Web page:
One M. Linga Raju and Narasimha Raju were the owners of Saras-wathi Picture Palace situated in the village called Malkipuram, East Godavari District. They executed a sale deed on October 28, 1972, in favour of the appellant conveying the cinema theatre for a consideration of Rs. 1,10,000. The said deed was presented for registration to the concerned registering authority. The Sub-Registrar of Malkipuram Village called upon the vendors to obtain a clearance certificate from the income-tax authorities under Section 230A of the I.T. Act, 1961, hereinafter referred to as 'the Act'. The vendors obtained the tax clearance certificate on November 16, 1972, and having produced the same before the registering authority got the sale deed registered on November 16, 1972. Chapter XX-A was introduced in the Act and it came into force on November 15, 1972, The competent authority under Chapter XX-A of the Act, viz., the IAC, Income-tax, issued a notice under Section 269C dated May 18, 1973, calling upon the petitioner to show cause as to why the said property should not be acquired as the competent authority had reason to believe that the property had been transferred for an apparent consideration which was less than the fair market value of the property and that the consideration forsuch transfer as agreed to between the parties had not been truly stated in the instrument of transfer with the object of facilitating the reduction or evasion of the liability of the transferor to pay tax under the Act in respect of any income arising from the transfer, or facilitating the concealment of any income or any moneys or other assets which had not been or which ought to be disclosed by the transferee for the purposes of the Indian I.T. Act, 1922, or the Act or the W.T. Act, 1957. In answer to the notice, the appellant filed a letter before the competent authority on June 16, 1973, objecting to the jurisdiction of the competent authority to invoke the provisions of Section 269D. The competent authority declined to accept the preliminary objection by its letter dated June 21, 1973. Aggrieved by that order of the competent authority, the appellant preferred W.P. No. 3928/73.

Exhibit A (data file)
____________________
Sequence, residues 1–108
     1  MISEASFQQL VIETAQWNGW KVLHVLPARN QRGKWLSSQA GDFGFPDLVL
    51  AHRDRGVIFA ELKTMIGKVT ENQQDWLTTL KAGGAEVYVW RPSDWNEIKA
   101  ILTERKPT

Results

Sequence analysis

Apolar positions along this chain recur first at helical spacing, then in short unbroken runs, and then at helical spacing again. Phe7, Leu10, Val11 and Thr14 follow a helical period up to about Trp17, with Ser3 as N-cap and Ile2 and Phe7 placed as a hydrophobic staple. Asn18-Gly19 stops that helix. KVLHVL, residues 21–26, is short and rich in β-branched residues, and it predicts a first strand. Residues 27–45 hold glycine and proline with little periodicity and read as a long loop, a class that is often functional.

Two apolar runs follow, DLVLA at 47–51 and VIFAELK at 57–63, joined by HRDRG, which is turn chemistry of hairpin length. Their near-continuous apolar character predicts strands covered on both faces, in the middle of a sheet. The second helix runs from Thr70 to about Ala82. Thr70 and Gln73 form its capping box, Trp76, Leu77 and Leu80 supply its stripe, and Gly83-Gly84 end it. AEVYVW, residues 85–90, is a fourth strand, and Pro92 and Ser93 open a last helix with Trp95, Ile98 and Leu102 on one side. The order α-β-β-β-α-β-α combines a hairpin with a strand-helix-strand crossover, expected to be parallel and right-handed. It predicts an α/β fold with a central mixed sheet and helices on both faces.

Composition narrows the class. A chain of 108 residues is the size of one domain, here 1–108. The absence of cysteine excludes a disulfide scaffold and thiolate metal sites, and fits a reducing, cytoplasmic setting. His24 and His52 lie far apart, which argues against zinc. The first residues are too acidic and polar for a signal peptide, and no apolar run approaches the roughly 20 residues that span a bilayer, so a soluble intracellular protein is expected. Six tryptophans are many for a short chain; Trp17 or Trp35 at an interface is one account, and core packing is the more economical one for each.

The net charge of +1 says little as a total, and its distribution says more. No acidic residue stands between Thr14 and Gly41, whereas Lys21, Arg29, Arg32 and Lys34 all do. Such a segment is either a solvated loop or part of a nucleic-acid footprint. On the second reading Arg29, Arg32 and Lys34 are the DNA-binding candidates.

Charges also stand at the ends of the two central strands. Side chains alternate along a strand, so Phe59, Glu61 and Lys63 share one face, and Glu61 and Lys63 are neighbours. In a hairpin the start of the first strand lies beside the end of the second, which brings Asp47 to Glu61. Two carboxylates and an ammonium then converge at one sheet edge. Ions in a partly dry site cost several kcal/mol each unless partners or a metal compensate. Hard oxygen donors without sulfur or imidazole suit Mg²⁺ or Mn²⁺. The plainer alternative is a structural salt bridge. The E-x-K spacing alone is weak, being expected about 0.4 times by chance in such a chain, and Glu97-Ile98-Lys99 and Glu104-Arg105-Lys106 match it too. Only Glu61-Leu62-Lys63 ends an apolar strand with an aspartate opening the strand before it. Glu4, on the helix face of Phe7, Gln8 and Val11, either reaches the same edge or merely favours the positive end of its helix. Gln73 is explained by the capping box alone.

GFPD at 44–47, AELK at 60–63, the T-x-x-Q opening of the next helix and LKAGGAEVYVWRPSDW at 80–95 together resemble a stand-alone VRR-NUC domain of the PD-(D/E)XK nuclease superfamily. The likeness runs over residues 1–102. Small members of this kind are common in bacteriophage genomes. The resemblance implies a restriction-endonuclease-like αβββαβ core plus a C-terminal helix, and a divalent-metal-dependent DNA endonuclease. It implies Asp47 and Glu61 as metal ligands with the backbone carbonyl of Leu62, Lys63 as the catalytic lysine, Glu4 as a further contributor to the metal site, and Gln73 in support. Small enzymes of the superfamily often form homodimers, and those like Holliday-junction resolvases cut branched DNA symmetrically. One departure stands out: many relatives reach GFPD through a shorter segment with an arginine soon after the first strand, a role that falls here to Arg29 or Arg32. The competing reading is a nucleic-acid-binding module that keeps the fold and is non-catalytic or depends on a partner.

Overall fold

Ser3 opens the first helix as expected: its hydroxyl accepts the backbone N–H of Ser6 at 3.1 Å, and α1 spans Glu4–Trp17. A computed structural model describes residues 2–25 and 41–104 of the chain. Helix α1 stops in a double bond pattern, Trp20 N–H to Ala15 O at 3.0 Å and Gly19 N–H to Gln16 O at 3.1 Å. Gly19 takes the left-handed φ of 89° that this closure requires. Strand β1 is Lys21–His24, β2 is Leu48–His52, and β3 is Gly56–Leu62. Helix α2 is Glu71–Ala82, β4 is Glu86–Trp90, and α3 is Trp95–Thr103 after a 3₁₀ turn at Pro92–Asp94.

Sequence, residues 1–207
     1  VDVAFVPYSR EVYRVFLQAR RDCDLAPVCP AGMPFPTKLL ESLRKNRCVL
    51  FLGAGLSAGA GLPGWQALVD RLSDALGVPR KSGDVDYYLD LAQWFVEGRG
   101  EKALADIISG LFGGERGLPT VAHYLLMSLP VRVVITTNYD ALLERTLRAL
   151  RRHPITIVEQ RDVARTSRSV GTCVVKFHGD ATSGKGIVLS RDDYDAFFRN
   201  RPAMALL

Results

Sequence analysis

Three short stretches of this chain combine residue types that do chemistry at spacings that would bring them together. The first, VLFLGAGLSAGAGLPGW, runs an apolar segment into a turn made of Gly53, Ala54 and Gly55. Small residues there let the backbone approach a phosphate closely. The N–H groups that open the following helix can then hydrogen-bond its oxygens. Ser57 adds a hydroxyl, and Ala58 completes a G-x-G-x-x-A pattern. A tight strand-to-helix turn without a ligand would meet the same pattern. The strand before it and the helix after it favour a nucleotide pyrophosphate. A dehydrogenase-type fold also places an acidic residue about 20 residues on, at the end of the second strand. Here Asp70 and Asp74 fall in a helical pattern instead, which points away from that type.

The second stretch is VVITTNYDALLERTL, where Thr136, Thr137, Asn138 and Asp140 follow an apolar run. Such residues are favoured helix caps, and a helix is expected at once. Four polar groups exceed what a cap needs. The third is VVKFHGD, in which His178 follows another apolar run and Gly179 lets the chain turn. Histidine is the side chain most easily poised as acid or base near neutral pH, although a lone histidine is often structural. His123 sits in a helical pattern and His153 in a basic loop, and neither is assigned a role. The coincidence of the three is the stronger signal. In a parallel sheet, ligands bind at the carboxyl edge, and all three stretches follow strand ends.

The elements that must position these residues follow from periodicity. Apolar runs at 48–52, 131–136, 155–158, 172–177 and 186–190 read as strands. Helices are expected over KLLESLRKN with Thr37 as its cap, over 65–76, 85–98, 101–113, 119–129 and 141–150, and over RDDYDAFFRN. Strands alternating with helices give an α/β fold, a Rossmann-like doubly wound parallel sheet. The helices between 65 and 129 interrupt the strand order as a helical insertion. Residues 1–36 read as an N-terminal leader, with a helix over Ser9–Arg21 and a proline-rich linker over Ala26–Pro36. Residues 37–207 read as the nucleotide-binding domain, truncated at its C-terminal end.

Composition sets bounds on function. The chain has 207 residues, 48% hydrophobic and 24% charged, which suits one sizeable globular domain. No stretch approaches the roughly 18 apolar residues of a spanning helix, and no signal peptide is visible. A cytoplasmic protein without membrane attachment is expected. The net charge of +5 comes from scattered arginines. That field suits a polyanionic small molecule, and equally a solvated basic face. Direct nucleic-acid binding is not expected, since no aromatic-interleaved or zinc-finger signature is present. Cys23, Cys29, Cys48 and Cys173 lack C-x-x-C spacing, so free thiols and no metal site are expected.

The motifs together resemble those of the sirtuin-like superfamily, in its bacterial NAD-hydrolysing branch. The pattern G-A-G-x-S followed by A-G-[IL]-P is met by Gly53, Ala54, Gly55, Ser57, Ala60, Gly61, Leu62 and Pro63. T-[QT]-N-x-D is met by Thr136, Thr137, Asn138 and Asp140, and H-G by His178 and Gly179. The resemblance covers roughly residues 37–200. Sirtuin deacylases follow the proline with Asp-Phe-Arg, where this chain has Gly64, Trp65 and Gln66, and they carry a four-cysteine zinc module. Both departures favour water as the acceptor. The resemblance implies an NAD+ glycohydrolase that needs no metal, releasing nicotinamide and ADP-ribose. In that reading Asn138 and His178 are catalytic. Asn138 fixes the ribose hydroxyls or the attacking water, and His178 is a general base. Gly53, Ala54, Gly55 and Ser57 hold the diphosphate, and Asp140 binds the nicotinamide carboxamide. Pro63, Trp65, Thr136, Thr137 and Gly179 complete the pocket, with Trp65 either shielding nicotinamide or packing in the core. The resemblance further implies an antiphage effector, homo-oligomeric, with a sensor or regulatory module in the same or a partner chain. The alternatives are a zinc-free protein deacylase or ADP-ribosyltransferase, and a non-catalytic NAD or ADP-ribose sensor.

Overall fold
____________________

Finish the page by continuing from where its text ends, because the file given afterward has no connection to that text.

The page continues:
2. Before the learned single judge, Mr. Y. V. Anjaneyulu who was appearing for the petitioner had argued that the sale deed was executed on October 28, 1972, but was registered on November 16, 1972, i.e., after the coming into force of Chapter XX-A of the Act; therefore, having regard to the provisions of Section 47 of the Indian Registration Act, the sale deed would be deemed to operate from the date of its execution and not from the date of its registration, and since Chapter XX-A came into force on November 15, 1972, it did not apply to the sale deed in question. In support of that contention, Mr. Anjaneyulu had cited several rulings. That contention was not accepted by the single judge in view of the ruling of the Supreme Court in Ram Saran Loll v. Mst, Domini Kuer : [1962]2SCR474 . The learned single judge also was of the opinion that, having regard to the provisions of Section 269C of the Act read in conjunction with the definitions of the expressions 'transfer' and 'instrument of transfer' in Section 269A of the Act, Section 269C would apply to all cases of transfer of property which were completed on or after November 15, 1972, by registration of the instrument. He, therefore, dismissed the writ petition. Hence, this appeal.